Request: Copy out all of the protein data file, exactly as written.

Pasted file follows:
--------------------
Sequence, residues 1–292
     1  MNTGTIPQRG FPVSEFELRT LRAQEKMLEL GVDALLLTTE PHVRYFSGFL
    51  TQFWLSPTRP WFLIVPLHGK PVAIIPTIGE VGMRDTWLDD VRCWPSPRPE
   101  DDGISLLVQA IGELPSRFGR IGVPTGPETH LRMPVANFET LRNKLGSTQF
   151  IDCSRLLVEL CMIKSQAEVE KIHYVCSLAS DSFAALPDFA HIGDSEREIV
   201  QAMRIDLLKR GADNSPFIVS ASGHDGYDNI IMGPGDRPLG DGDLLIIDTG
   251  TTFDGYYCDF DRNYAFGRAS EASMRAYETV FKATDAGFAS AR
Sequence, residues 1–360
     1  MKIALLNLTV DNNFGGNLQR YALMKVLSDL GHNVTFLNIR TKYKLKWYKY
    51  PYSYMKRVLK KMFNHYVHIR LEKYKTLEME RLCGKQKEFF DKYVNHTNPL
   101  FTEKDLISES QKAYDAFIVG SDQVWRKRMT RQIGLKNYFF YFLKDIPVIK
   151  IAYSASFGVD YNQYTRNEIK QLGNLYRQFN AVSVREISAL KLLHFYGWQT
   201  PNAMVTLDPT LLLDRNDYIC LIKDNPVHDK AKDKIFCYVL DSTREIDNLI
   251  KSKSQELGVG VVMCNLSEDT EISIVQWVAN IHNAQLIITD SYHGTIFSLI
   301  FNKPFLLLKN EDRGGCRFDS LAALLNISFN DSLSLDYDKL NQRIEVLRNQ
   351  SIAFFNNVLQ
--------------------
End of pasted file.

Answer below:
Sequence, residues 1–292
     1  MNTGTIPQRG FPVSEFELRT LRAQEKMLEL GVDALLLTTE PHVRYFSGFL
    51  TQFWLSPTRP WFLIVPLHGK PVAIIPTIGE VGMRDTWLDD VRCWPSPRPE
   101  DDGISLLVQA IGELPSRFGR IGVPTGPETH LRMPVANFET LRNKLGSTQF
   151  IDCSRLLVEL CMIKSQAEVE KIHYVCSLAS DSFAALPDFA HIGDSEREIV
   201  QAMRIDLLKR GADNSPFIVS ASGHDGYDNI IMGPGDRPLG DGDLLIIDTG
   251  TTFDGYYCDF DRNYAFGRAS EASMRAYETV FKATDAGFAS AR
Sequence, residues 1–360
     1  MKIALLNLTV DNNFGGNLQR YALMKVLSDL GHNVTFLNIR TKYKLKWYKY
    51  PYSYMKRVLK KMFNHYVHIR LEKYKTLEME RLCGKQKEFF DKYVNHTNPL
   101  FTEKDLISES QKAYDAFIVG SDQVWRKRMT RQIGLKNYFF YFLKDIPVIK
   151  IAYSASFGVD YNQYTRNEIK QLGNLYRQFN AVSVREISAL KLLHFYGWQT
   201  PNAMVTLDPT LLLDRNDYIC LIKDNPVHDK AKDKIFCYVL DSTREIDNLI
   251  KSKSQELGVG VVMCNLSEDT EISIVQWVAN IHNAQLIITD SYHGTIFSLI
   301  FNKPFLLLKN EDRGGCRFDS LAALLNISFN DSLSLDYDKL NQRIEVLRNQ
   351  SIAFFNNVLQ